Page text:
In this blog, I am going to explain how to write our first accelerator using the Xilinx Vitis unified platform. The algorithm is a simple version of the famous sgemv function from BLAS specification.  You can extend that later to cover all the cases for this function.

The sgemv function implements the matrix-vector multiplication operator. The following equation describes this function that we are going to implement in hardware.

y=\alpha Ax + \beta y where y[i] = \alpha \sum_{j=0}^{m-1}{A[i][j]*x[j]}+\beta y[i]

where A  is a matrix of size n \times m , x  is a vector of size m  and y  is a vector of size n . The following figure shows an example of this operator.

I assume that the A matrix is in memory in row-major order as shown in the following figure.

The following code shows a simple example of this function in C:

void sgemv(float *A, float *x, float *y, float a, float b) {
    for (int i = 0; i < n; i++) {
        float s = 0;
        for (int j = 0; j < m; j++) {
            s += A[i*m+j]*x[j];
        }
        y[i] = a*s+b*y[i];
    }
}

Before implementing this algorithm on hardware, it is a good idea to have a big picture of the whole system in our mind. The following picture shows the three main parts of an embedded system and how they communicate together. Both CPU (or PS) and FPGA (or PL) can communicate with the main memory through high performance busses. They can use the burst data transfer protocol for providing high bandwidth utilization. The FPGA uses these busses to read/write an array of data from/to the main memory. Note that, the datapath implementation of these buses depends on the target hardware platform. The CPU and FPGA communicate PS-PL buses. The main goal of this communication is passing scalar arguments and hardware configuration from CPU to FPGA.

The top function arguments in a hardware accelerator should be connected to either PL-MEMor PS-PL buses. This connection is performed through ports. So, assigned to each function argument there is a port in the final hardware design. A port can be unidirectional (only for reading or writing data) or it can be bidirectional for both reading and writing data. Note that, technically, at the HDL level, each bidirectional port is implemented by two unidirectional ports. I will explain this in the next blog. Each port consists of different numbers of signals based on the data type and interface of the associated function argument.

The following code shows the naïve hardware C-code for the sgemv function. The only difference with the software version is defining the communication ports and their associated interfaces. Lines 10 to 22 represent these definitions using a set of compiler directives.

Arrays A, x, and y are saved in the memory. Therefore, FPGA should utilize high-performance (HP) ports (connected to the PL-MEM buses) to access their data. Lines 10-12 determine using HP ports through master AXI interfaces. In addition, associated with each array, there should be a low-performance port (LP) (connected to a PS-PL bus) through which the CPU configures the corresponding interface hardware. These LP ports are defined in Lines 14-16 using AXILite interfaces.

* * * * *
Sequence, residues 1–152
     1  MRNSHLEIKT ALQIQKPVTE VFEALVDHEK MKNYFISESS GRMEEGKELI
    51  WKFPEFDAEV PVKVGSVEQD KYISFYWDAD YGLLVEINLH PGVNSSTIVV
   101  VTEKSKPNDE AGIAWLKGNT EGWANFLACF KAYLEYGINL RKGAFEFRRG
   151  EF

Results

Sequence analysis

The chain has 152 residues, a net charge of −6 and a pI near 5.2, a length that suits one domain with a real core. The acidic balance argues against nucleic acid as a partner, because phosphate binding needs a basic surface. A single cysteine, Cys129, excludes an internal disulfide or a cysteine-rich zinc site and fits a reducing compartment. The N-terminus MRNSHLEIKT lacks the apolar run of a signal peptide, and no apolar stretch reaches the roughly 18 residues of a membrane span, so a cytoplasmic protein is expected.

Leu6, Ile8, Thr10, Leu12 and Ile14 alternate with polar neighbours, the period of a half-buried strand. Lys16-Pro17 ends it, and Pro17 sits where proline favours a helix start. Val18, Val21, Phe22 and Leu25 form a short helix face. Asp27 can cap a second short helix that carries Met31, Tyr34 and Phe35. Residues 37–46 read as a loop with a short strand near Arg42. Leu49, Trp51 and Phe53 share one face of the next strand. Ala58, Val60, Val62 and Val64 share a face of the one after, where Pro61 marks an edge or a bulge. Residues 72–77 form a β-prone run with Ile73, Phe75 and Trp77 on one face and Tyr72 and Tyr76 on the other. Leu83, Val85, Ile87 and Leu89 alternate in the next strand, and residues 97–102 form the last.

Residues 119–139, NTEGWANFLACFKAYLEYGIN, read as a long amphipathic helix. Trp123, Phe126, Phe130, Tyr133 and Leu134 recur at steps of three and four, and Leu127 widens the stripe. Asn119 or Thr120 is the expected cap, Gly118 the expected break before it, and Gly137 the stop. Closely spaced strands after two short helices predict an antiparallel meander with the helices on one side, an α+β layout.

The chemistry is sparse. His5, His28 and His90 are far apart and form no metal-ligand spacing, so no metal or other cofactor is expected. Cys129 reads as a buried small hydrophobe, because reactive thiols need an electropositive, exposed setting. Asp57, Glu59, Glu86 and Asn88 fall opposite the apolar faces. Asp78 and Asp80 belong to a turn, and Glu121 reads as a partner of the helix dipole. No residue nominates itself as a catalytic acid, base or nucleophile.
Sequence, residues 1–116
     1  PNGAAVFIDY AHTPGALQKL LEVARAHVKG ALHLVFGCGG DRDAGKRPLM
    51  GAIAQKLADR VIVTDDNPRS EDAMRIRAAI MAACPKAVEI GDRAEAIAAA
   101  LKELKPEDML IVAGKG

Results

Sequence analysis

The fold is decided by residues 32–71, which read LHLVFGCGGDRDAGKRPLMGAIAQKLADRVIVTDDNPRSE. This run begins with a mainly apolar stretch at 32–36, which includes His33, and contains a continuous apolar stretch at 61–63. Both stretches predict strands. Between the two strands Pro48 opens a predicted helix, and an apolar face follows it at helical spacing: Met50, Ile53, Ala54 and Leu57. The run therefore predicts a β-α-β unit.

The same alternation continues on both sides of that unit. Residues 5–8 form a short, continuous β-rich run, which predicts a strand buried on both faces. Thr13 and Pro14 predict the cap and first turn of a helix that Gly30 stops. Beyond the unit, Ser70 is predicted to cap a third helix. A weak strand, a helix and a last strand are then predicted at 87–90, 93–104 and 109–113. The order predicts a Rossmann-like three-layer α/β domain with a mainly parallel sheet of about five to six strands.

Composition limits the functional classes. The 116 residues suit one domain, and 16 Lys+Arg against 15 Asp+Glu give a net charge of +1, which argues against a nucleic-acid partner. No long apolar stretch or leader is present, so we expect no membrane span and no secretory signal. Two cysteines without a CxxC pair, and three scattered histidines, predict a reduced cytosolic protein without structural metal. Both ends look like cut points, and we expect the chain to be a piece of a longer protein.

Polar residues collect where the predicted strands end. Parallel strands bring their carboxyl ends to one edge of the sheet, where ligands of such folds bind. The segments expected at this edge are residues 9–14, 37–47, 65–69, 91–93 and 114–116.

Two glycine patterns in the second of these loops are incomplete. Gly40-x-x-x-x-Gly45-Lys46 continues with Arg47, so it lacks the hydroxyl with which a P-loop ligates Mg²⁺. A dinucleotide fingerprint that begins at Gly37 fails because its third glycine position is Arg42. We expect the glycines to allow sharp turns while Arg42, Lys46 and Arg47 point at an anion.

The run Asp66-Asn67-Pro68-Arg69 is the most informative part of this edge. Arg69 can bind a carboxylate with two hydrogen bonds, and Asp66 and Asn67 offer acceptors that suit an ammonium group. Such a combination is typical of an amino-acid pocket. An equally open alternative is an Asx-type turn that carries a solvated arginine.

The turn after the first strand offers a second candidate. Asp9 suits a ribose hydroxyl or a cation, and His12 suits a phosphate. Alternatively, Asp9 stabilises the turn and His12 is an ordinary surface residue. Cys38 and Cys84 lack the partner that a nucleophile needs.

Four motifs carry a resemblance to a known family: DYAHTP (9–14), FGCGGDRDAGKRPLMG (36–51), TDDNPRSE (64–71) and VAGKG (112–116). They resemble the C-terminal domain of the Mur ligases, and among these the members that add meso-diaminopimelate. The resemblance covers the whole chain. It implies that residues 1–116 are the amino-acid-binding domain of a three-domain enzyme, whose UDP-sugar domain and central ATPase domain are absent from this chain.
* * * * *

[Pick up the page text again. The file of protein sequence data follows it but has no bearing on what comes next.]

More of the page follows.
The CPU also requires LP ports for scalar variables a, b, n, and m, which are defined in Lines 18-21. Also, there should be an LP port for the function through which CPU controls the function execution. This port is defined at Line 22 using an AXILite interface.

01	void sgemv_naive(
02			DATA_TYPE *A,
03			DATA_TYPE *x,
04			DATA_TYPE *y,
05			DATA_TYPE a,
06			DATA_TYPE b,
07			u32       n,
08			u32       m) {
09	
10	#pragma HLS INTERFACE m_axi     port=A  offset=slave bundle=gmem0
11	#pragma HLS INTERFACE m_axi     port=x  offset=slave bundle=gmem1
12	#pragma HLS INTERFACE m_axi     port=y  offset=slave bundle=gmem2
13	
14	#pragma HLS INTERFACE s_axilite port=A               bundle=control
15	#pragma HLS INTERFACE s_axilite port=x               bundle=control
16	#pragma HLS INTERFACE s_axilite port=y               bundle=control
17	
18	#pragma HLS INTERFACE s_axilite port=n               bundle=control
19	#pragma HLS INTERFACE s_axilite port=m               bundle=control
20	#pragma HLS INTERFACE s_axilite port=a               bundle=control
21	#pragma HLS INTERFACE s_axilite port=b               bundle=control
22	#pragma HLS INTERFACE s_axilite port=return          bundle=control
23	
24	for (int i = 0; i < n; i++) {
25			DATA_TYPE s = 0;
26			for (int j = 0; j < n; j++) {
27				s += A[i*m+j]*x[j];
28			}
29			y[i] = a*s+b*y[i];
30		}
31	}

The Xilinx Vitis synthesizes this code with Vivado-HLS to generate the corresponding HDL code and Vivado toolset synthesis that to the final bitstream. The following figure shows the block diagram of sgemv generated by Vivado-HLS.

It contains three different ports:

  1. The first group includes the HP ports that are named by m_axi_gmem_0, m_axi_gmem_1, m_axi_gmem_2 that are corresponding to A, x, and y, respectively.
  2. The second group consists of one port called s_axi_control that bundles all AxiLight interfaces on variables A, x, y, a, b, n, and m.
  3. The third group, aka block-level ports, consists of three ports ap_rst_n, ap_clk, and interrupt. These ports are implementing the block level interfaces defined at Line 22.

In the next blog, I will explain more about these ports.


If n=m=1024, then the execution time will be 59 msec on Ultra96v2 board.

The source code of this function tested in Vitis-2019.2 can be found here.

Featured image source: artist: Eugenio Zampighi, Wikimedia